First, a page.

Voice generally isn’t a problem for me. By the time I sit down to write, I usually know my characters so well that they speak in my head in their own distinct voices. I can hear them as clearly as I can hear myself, know how they’d react in a given situation.
At least, that’s how it usually goes.
I’ve recently ventured into Middle Grade, and things are a little different here. Voice is not the same in Middle Grade as it is in YA or in Adult, both of which I know how to write (most of the time) and neither of which give me much trouble (most of the time). Middle Grade voice is a totally thing to me, in part because I’ve never written it before and in part because I didn’t read much (or ANY) of it when I was actually in the target audience, so I never internalized it the way I did YA and Adult.
It’s challenging, finding a voice so different from your own. I haven’t quite managed yet, but I’m getting there.
Also, important to note before I go on: I’m talking here specifically about character voice. Narrative voice. Not my voice. Yes, the voices of my characters/narrators may change, but mine generally doesn’t. It’s how you know I’m the one who wrote something. I’ve already found that voice.
So how do I find a character’s voice, particularly when that voice is so far removed from my own experiences?
You have to go in to a voice-hunt knowing that a lot of what you write will be garbage. Completely unusable. Think of the work you do as practice exercises, ways to get your mind warmed up before the time comes for the big race: actually writing the novel.
Obviously we all have our own process for finding voice, but mine goes something like this:
1. Get to know the character
Does my character have a catch phrase? Are there particular words he/she/it refuses to use for a specific reason (e.g., one of my characters avoids using words with too many ‘s’s because he has a lisp that he finds embarrassing)? Does he/she/it speak multiple languages? If so, does he/she/it slide easily between them, or generally avoid using any of them? If English is not his/her/its first language, is his/her/its first language reflected in speech patterns? Does he/she/it speak in dialect? Think in dialect?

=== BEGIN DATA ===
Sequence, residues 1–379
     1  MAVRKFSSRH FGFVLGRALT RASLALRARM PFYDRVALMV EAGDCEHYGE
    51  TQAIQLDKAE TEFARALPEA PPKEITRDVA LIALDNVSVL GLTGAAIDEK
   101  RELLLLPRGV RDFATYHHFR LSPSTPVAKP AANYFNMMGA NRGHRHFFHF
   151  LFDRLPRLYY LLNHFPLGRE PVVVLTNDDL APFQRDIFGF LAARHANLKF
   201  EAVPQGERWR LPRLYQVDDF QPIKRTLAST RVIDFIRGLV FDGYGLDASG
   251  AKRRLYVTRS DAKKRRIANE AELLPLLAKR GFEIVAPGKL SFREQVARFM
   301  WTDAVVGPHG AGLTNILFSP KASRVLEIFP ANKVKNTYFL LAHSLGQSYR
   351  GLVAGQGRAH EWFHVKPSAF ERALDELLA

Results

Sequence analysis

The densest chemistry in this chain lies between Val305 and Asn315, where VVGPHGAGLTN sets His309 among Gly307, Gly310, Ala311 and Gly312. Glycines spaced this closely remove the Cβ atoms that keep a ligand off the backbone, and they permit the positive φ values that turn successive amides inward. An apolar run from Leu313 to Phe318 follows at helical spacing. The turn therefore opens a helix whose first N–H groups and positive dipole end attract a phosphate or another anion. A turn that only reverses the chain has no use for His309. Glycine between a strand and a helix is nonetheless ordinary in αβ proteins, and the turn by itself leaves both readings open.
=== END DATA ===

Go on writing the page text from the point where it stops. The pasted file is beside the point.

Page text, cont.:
Is he/she/it abrupt or patient: would he/she/it speak in short, clipped sentences or long, drawn-out ones? Is he/she/it smart (and does he/she/it want other people to know it?)?What kind of slang does he/she/it use (NOTE: important to research character’s background/age group. Remember that kids will sometimes make up their own slang, so a group of friends might all use certain words/phrases that no one else does)?
2. Experiment (write!)
Set yourself scenerios in which to practice voice. Imagine your character late to an appointment and stuck on a crowded bus, waiting outside the principal’s office after fighting with a classmate, or taking a roadtrip with someone they really like (or really hate!). How would they react? What are they thinking to themselves, and how? How do they interact with the others in the scenerio? DO they interact with the others in the scenerio?
For example, an introverted worrywart stuck on a crowded bus might keep to him/herself, working him/herself into a tizzy in which thoughts become more and more frantic (and consequently appear in short/clipped/incomplete sentences), whereas an extravert who’s not particularly worried about making this appointment might converse with the old lady across the way or pick a fight with to him/her. Their internal monologues would sound very different – and even MORE different when you add details like the fact that the first narrator is a recent immigrant from Guatamala whose English is perfect but who reverts to Spanish in times of stress, or that the second thinks he’s hilarious and so makes constant bad jokes, both out loud and in his head.
My main character in my MG novel does not get along with her mother very well, so one of the scenerios I wrote was driving down to Puebla, Mexico from Texas. I found that she was very grumpy and snarky in her head (in a very different way than say, a 17-year-old would be) – and sometimes pleasant, sometimes a brat to her mother, depending on what she was trying to achieve.
It was also important for me to practice scenes in which she interacted with different characters, because, for example, she refuses to speak Spanish around her mother regardless of the fact that she’s fluent because her mother is so desperate for her to ’embrace her culture’, and she wants to hurt her mother. As a consequence of this, she speaks no Spanish in scenes with her mother, but plenty in scenes with other characters, including her friend, an American boy who’s desperate to fit in with his Mexican classmates and consequently squeezes as many Mexican (and general Spanish) idioms into his speech as possible.
All this practice has helped me to find the voice of my narrator, a bright, confused, cheeky twelve-year-old Mexican-American girl. It still needs some tweaking, but it’s getting there.
How do you find your characters’ voices?